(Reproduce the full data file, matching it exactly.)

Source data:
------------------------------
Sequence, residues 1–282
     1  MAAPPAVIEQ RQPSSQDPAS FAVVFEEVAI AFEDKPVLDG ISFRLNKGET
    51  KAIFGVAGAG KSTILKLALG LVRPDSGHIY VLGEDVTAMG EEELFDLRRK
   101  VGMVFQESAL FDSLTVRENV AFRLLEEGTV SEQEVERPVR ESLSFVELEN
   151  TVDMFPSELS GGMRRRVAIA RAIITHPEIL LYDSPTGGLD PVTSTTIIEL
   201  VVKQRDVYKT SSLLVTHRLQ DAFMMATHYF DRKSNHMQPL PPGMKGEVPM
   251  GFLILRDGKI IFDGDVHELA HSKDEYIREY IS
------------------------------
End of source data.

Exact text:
Sequence, residues 1–282
     1  MAAPPAVIEQ RQPSSQDPAS FAVVFEEVAI AFEDKPVLDG ISFRLNKGET
    51  KAIFGVAGAG KSTILKLALG LVRPDSGHIY VLGEDVTAMG EEELFDLRRK
   101  VGMVFQESAL FDSLTVRENV AFRLLEEGTV SEQEVERPVR ESLSFVELEN
   151  TVDMFPSELS GGMRRRVAIA RAIITHPEIL LYDSPTGGLD PVTSTTIIEL
   201  VVKQRDVYKT SSLLVTHRLQ DAFMMATHYF DRKSNHMQPL PPGMKGEVPM
   251  GFLILRDGKI IFDGDVHELA HSKDEYIREY IS